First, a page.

The Loss of a Grandchild
By Pamela Kraus, Ella’s NaNa
Being a parent and then a grandparent are two of life’s greatest joys. We love our children and desire only the best of everything for them. We protect them as best we can, hurt with them from the first time they fall and desire to take all their pains away. We have hopes and dreams for their futures being filled with peace, joy, success, and a family of their own to love as deeply as we love them. But what happens when unimaginable loss and pain suddenly enters their lives? I found out the answer to that question three years ago when my youngest daughter and her husband lost their thirteen-month-old daughter very suddenly to an undiagnosed genetic heart condition.
I realized that grandparents actually experience a two-fold grief. Grandchildren are like jewels that adorn our lives. They are precious and priceless treasures. When one of them is suddenly taken from us, the pain of that loss is indescribable. Our hearts are broken and filled with grief at the loss of that beautiful grandchild, while at the same time we grieve that our own child is suffering the tragedy of losing their child. The weight of that two-fold loss can be overwhelming for many grandparents.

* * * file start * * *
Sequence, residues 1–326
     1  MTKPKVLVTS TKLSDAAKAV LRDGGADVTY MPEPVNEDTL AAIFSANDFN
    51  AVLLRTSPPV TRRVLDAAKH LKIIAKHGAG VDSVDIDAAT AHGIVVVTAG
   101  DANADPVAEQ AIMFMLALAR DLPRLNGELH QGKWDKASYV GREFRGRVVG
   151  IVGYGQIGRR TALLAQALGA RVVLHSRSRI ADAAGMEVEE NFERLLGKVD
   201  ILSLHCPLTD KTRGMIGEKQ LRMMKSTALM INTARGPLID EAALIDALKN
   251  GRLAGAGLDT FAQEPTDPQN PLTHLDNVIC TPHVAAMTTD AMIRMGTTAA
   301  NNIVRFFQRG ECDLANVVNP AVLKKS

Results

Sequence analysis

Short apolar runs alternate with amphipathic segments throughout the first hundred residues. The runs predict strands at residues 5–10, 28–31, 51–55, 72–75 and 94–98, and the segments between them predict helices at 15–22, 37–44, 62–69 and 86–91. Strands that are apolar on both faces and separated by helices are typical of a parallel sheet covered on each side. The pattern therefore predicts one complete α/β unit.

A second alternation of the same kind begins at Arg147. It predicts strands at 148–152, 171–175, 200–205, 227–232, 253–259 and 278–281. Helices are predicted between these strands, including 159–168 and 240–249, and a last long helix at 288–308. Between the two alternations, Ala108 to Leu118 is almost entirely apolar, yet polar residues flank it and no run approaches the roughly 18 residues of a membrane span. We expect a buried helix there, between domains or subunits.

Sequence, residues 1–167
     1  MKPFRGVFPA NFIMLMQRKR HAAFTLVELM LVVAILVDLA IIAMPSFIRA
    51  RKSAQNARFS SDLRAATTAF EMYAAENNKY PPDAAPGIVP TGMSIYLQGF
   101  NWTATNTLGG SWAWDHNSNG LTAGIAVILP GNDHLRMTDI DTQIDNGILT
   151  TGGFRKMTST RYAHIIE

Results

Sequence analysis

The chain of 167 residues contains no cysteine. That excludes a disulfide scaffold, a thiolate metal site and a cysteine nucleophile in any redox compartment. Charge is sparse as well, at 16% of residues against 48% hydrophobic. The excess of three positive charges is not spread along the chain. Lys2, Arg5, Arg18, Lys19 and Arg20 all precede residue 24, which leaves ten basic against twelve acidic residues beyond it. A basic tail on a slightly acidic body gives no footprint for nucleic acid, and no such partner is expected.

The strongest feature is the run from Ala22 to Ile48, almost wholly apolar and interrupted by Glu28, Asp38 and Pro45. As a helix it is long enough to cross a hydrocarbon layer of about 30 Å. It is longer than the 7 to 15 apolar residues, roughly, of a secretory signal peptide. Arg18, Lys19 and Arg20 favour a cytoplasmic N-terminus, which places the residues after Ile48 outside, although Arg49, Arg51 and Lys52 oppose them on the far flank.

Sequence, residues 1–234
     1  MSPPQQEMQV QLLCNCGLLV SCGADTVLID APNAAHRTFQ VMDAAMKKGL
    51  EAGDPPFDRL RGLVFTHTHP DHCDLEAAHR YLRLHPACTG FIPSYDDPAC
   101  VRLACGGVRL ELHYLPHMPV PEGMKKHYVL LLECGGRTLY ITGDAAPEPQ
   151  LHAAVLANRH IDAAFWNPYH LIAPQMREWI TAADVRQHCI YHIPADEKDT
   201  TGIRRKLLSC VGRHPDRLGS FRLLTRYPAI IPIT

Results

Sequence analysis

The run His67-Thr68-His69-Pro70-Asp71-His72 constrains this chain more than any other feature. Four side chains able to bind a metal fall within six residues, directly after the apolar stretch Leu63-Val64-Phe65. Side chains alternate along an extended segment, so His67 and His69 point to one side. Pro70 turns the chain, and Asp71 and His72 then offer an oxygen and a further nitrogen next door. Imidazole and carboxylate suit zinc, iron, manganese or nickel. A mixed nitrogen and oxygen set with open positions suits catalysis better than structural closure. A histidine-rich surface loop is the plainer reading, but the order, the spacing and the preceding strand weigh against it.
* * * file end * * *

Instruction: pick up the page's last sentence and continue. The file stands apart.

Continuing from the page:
When a child dies, the parents are usually surrounded by friends and family asking if there is anything they might need. This is as it should be. We want our children to have as much support as possible to help them stay afloat in that sea of grief into which they have been thrown. Because grandparents are focused on being strong and helping their children, they are often not recognized as someone who might also need some support. This is not an intentional slight, nor is it anyone’s responsibility to know what we might need. It is just not something that occurs to people.
Sometimes talking to someone close to you (a spouse, a family member, a friend) about what you are feeling can be all the help and comfort you need. I found that reaching out to others who have gone through the loss of a grandchild was a great way to get helpful insight and support. This website can also be a great resource for you. Remember that we all desire to help our children through what is most likely the worst experience of their lives, and to do that we have to be on strong footing.